Staff and students to protest as board meets to discuss damning revelations of funds claimed for non-existent students writes Rachel Williams for the Guardian.
Troubled London Metropolitan University could lose out on badly-needed funding to help with its financial woes if the board of governors does not resign, leaked documents suggest ahead of a crunch meeting today.
Last month the head of Hefce, the body that funds universities in England, wrote to the chairman of governors at London Met in the wake of revelations that it falsely claimed funding for non-existent students, calling for board members to "consider their positions".
Staff and students will protest outside as the board meets to discuss the university's response to a damning inquiry published last week, which found that the institution had misused public money. Sir David Melville, former vice-chancellor of Kent University, warned in his report that senior officials at London Met must take responsibility for a fiasco which saw the university receive tens of millions of pounds in overpayments after submitting inaccurate student data. It has been ordered to pay back £36.5m.
But a leaked email suggests Hefce's assessment of the "adequacy" of the board's response would be critical to the success of a bid for cash and "any requests for further assistance".
The email, from London Met's acting vice-chancellor Alfred Morris to Hefce chief executive Sir Alan Langlands, predates the reports and Langlands' letter to London Met's chairman of governors.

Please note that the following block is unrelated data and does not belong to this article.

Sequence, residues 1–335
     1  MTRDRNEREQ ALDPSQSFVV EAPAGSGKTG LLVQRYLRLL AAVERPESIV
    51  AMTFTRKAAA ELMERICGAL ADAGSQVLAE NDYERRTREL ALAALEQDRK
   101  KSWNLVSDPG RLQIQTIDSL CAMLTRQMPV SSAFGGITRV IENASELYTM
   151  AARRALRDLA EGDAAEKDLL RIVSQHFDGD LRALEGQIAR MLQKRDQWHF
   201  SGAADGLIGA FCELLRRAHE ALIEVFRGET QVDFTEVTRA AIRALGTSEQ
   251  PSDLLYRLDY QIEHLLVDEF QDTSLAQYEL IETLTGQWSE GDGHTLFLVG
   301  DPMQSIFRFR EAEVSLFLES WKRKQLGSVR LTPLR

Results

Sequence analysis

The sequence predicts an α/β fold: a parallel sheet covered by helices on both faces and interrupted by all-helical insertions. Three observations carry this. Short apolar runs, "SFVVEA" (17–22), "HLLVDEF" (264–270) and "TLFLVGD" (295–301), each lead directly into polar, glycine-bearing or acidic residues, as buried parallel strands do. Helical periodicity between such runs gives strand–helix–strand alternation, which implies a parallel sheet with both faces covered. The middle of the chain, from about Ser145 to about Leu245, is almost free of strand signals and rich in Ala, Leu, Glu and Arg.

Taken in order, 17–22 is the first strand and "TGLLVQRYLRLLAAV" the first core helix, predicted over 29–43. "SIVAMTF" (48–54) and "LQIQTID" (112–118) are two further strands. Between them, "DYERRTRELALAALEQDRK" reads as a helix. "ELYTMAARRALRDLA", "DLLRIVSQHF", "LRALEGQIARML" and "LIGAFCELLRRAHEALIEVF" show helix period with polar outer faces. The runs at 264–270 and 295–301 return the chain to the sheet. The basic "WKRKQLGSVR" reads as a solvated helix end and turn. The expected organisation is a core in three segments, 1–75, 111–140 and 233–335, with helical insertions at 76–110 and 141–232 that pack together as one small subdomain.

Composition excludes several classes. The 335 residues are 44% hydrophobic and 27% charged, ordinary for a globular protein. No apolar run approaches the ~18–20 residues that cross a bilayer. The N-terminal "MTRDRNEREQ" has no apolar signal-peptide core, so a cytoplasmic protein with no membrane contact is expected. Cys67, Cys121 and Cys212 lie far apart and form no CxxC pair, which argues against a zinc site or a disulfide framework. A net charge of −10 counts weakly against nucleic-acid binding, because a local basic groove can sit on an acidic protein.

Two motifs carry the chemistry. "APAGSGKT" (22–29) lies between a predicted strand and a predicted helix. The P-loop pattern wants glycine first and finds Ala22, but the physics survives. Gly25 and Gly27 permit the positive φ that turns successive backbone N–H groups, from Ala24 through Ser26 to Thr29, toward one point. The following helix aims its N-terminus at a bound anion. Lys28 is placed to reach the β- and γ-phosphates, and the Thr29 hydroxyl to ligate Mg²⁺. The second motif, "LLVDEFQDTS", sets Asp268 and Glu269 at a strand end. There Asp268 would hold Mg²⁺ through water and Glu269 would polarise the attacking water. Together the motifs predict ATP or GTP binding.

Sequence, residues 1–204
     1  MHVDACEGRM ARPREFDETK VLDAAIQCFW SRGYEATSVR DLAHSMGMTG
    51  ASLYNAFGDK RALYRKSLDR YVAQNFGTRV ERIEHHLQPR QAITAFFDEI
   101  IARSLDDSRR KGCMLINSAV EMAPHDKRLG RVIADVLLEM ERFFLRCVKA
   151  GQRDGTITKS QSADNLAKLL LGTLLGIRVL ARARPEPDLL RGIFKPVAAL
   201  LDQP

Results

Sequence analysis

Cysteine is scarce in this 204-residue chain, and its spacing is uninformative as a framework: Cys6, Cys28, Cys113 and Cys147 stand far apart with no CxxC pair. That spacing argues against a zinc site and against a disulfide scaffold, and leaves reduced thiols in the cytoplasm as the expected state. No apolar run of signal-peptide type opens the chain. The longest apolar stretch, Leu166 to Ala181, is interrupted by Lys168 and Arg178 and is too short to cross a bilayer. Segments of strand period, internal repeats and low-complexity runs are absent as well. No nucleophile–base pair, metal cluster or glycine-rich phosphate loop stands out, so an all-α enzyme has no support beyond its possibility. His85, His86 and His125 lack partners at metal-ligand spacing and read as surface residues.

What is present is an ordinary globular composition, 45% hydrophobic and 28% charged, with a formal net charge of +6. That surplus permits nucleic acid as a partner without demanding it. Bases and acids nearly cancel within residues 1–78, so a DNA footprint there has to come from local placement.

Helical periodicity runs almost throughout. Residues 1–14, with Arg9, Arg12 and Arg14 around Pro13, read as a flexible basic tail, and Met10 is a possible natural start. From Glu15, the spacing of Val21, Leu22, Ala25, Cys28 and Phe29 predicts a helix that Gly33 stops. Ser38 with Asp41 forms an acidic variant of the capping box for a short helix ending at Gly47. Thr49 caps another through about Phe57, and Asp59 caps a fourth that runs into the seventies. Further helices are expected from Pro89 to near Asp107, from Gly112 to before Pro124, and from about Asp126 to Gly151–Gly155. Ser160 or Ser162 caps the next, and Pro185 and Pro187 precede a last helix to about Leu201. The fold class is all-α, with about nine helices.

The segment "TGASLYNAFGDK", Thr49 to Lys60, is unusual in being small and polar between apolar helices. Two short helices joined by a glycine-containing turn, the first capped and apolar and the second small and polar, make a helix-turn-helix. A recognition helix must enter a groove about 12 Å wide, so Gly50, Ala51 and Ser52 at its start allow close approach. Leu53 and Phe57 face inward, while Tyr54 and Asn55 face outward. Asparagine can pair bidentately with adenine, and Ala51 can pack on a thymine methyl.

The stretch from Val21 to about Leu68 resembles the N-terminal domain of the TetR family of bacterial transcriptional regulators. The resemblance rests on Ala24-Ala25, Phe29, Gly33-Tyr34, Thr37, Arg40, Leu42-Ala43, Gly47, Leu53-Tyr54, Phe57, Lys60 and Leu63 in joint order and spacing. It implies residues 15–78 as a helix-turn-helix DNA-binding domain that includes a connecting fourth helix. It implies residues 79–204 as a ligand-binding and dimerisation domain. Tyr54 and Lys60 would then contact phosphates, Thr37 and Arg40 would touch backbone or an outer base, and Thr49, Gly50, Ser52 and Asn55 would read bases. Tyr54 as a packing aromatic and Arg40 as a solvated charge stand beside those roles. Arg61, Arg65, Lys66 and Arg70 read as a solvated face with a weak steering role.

Summarising Langlands' comments, the email said: "It would not be easy to persuade the Hefce board of the case for significant further support, and the restoration of mutual respect and confidence remained an essential preliminary."
The University and College Union (UCU) today said the governors' position had become "completely untenable" and demanded that they stand down.
UCU's general secretary, Sally Hunt, said: "London Met desperately needs a fresh start and that cannot happen with the current board of governors in place.
"The position of the board is completely untenable and they will cause greater damage by remaining in post.
"Nobody can have confidence in the university until there has been a proper shake up at the top and those behind the current shambles have gone."
Hefce said Langlands and Peter Anwyl, the chair of the board of governors, had a "purposeful meeting" earlier this month and met again yesterday.
"Both are committed to ensuring the wellbeing of the current students and supporting the continued provision of their education," a spokesman said. "They are equally concerned to ensure that there are governance arrangements in place which sustain confidence in the work of the university."
A London Met spokeswoman said: "The board of governors will be considering the detail of the university's response to the findings of both reports at its next board meeting on December 15.
"We will be preparing a full response to both reports, specifiying the detail and time scales of actions to be taken."
The incoming vice-chancellor, Professor Malcolm Gillies, who joins the university in late January, would be closely involved in the process, she added. "[Gillies] has been clear in his determination that all action must be in accord with a thoughtful, long-term plan that emphasises student learning and staff scholarship, and seeks to restore public confidence in the university."